This afternoon was partly sunny, with strong west winds blowing at 17, gusting to 28. I did a loop drive to take pictures of the “mountains” for a future blog. Buffy and I ended up at Ingram Hill to do our usual loop walk around the cemetery.
A male eastern bluebird perched on the wire, a mockingbird perched on a tombstone, and an eastern kingbird on a shepard’s hook. Eastern kingbirds are in a family of birds known as flycatchers. Flycatchers perch on bare branches and fly out to catch flying insects.
We have 9 species of flycatchers here in southern Illinois; 5 of them stay here during the summer and the other 4 that migrate through during spring and fall. The kingbirds began returning in mid April and will migrate south the latter part of September.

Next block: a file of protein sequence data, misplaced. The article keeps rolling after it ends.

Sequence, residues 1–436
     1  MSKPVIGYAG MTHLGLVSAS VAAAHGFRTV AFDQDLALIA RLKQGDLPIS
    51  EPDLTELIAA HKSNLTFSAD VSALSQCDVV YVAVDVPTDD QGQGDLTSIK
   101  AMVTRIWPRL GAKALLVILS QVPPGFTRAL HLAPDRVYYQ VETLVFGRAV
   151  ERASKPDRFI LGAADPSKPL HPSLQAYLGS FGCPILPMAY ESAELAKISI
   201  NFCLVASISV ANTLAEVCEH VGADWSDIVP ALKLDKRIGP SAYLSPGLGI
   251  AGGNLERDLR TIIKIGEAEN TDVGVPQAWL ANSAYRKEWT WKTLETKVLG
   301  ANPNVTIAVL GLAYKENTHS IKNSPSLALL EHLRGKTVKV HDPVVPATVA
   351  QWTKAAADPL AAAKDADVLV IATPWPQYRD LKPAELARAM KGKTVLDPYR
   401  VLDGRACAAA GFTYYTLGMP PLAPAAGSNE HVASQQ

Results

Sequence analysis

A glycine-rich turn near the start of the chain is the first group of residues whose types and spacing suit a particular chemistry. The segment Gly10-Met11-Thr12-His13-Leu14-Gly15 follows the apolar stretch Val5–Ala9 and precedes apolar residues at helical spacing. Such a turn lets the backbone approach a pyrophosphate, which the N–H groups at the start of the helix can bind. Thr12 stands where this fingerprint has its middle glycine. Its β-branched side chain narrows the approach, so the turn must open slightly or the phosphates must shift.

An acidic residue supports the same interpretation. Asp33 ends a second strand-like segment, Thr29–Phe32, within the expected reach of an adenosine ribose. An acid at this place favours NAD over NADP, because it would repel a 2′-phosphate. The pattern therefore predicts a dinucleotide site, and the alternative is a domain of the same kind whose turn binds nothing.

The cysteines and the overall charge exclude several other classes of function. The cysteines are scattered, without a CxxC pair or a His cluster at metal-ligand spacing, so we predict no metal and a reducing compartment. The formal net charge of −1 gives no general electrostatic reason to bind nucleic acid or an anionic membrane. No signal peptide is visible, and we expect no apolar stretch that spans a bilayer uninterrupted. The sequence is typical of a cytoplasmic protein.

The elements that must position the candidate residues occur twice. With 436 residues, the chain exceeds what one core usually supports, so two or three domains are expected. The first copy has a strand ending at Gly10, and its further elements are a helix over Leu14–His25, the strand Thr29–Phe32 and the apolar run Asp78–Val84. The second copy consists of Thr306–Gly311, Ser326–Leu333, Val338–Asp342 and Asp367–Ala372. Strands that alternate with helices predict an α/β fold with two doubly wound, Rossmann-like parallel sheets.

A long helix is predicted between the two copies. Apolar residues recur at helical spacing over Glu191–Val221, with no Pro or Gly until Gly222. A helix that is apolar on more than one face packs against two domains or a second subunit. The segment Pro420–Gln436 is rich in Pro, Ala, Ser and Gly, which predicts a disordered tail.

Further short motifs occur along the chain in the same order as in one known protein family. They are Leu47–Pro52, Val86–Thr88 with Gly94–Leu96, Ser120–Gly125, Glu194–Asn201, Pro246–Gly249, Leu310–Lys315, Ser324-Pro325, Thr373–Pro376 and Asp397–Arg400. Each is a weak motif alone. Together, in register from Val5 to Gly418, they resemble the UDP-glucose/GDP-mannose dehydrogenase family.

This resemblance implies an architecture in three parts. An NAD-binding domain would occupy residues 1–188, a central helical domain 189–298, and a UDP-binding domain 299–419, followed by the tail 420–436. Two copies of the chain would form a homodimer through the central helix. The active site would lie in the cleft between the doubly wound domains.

I mostly see kingbirds perched on fence posts along country roadsides. To me they look like they’re wearing a tuxedo with their dark wings, back and tail. They have a white belly and white band across the end of their tail. They are 8″ long from end of beak to tip of tail. The white band is usually quite distinctive, except the shadows hide it my picture.
Perterson Fieldguide to Eastern Birds lists their habitat as wood edges, river groves, farms, orchards, roadsides, fence rows and wires. Their breeding range covers roughly south central Canada to Gulf of Mexico and east to the coast. They winter from Peru to Bolivia.
It always amazes me how birds can migrate as far as they do — how an 8-inch bird can fly almost to the middle of South America! I wonder how long that takes?